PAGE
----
From a very young age, my mother discovered that I had perfect pitch: the ability to recall the names of notes without being given a reference point. It is quite uncommon as only 1 in 10,000 people possess this trait. My family broke the scale with that one as both me and my mother had it. This ability may not seem like much, but it could be useful. Whenever the repairman came over to check out our furnace, my mother would always entertain him by playing different notes on the piano and having me name them for his amusement. Hell, whenever I hear a random noise emitted, whether it’s the hum of the refrigerator or the buzzer on a gameshow, I could definitely shoot up and tell you hey that sounded like a B-flat!
Of course when I entered music school, I definitely had many eyes on me the minute I revealed to everyone that I had perfect pitch. My choir director basically made me the human tuning fork and had me give starting pitches for pieces during our concerts. The other students were so appreciative of this that they gave me a rose, a signed card, and a gift-card to Panera Bread. There were definitely moments in which having this talent made me feel good, but there were also times I wished that I did not have it.
Whenever I would be in any musical group and someone or some instrument was out of tune, it felt like torture to my ears. Now most people can tell whether or not someone is flat or sharp, but having perfect pitch makes it feel amplified as you can literally pinpoint the note name of any pitch that reaches your ears without needing a reference. Understandably so, and especially throughout college, there were people that were envious of me. I even met some people that had memorized certain notes. This begs the question:
How Do You Get Perfect Pitch?
I thought this was impossible for the longest time, but have recently been proven wrong. If you practice at memorizing different pitches daily, over time you will be able to recall them without reference. Some musicians argue that if you do not start learning early say around the age of 9, it is highly unlikely you will be able to teach yourself perfect pitch. The thing to remember is it takes an insane amount of work to memorize every single note that exists, but it most definitely can be accomplished. Mastering this is a rarity, but what is more common among musicians is:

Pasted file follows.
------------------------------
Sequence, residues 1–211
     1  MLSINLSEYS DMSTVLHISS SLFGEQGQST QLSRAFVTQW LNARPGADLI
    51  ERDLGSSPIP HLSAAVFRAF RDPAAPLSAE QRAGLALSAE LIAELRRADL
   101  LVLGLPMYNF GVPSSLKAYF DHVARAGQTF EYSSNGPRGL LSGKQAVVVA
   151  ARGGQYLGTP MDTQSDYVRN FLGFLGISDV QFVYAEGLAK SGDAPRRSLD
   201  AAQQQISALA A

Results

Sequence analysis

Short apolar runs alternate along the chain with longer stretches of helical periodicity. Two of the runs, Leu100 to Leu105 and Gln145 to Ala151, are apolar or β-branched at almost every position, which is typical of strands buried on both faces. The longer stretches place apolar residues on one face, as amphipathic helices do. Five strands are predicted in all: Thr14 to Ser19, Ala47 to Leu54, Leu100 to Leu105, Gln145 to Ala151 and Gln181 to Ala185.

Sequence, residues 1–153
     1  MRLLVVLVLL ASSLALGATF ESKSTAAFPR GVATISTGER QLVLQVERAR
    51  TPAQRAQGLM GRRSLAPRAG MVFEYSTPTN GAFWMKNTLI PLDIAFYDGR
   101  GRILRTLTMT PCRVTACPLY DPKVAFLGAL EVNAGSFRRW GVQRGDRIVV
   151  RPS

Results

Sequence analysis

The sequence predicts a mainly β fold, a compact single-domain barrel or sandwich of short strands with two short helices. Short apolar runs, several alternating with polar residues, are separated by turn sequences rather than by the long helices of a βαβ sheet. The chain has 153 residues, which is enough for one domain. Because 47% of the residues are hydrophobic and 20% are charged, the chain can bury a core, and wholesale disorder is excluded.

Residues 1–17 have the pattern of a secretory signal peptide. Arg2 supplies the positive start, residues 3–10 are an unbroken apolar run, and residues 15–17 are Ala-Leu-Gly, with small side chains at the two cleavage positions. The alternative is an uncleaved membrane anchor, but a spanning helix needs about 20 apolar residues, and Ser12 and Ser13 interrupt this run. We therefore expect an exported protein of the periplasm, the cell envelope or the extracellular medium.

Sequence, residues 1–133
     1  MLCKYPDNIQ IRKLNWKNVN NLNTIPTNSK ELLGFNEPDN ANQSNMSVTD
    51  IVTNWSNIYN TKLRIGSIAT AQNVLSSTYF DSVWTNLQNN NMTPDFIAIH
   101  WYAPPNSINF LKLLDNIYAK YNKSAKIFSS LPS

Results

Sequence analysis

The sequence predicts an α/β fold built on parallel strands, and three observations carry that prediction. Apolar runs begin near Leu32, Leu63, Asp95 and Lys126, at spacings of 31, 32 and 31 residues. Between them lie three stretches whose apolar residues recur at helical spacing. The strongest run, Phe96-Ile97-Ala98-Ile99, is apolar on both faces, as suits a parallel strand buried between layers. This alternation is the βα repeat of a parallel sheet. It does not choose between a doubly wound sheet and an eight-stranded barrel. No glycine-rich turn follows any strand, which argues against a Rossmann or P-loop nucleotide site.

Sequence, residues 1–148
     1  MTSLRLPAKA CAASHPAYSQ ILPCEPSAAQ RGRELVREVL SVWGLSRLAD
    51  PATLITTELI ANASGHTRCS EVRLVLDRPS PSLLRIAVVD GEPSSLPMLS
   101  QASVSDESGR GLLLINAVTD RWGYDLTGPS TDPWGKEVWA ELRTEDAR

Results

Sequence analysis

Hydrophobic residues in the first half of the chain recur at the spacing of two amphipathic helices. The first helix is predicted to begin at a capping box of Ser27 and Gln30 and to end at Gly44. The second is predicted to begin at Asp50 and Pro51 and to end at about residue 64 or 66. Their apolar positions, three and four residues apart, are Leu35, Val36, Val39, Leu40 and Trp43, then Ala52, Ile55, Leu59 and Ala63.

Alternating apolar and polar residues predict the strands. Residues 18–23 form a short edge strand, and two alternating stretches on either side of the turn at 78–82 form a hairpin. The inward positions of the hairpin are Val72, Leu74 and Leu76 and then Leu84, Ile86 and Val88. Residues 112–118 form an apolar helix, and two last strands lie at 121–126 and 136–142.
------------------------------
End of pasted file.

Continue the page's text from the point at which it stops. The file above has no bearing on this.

This is where a note can be identified with a reference. If a person were given a C on the piano, they should be able to reach other notes in that scale easily. A great deal of required coursework in music school is spent perfecting this ability. For me, these courses were not very difficult as I was able to recall pitches without having any sort of guidance. I even tested out of Sightsinging III because of having perfect pitch.
But that wasn’t all...
Not only was there aural training, you also had to listen to rhythms and be able to write them down on staff paper. Unfortunately because I struggled with this, I was unable to test out of Sightsinging IV. However, I did manage to pull through that class with an A overall.
Just for Funsies
Some famous composers who have perfect pitch include: Mozart, Beethoven and Handel. In the pop world it isn’t so uncommon either. Mariah Carey, Michael Jackson, Ella Fitzgerald, and Bing Crosby all had it too. Even my own piano instructor in college had it. I made that discovery one day during a lesson where we listened to a piece on the computer and I pointed out “Hey this is in E minor”.
Perfect pitch is a pretty rare gem in this world. It can be quite useful to any musician, but can also be used as a neat party trick. But most importantly, you don’t need to ask someone whether or not they have it. They will just tell you.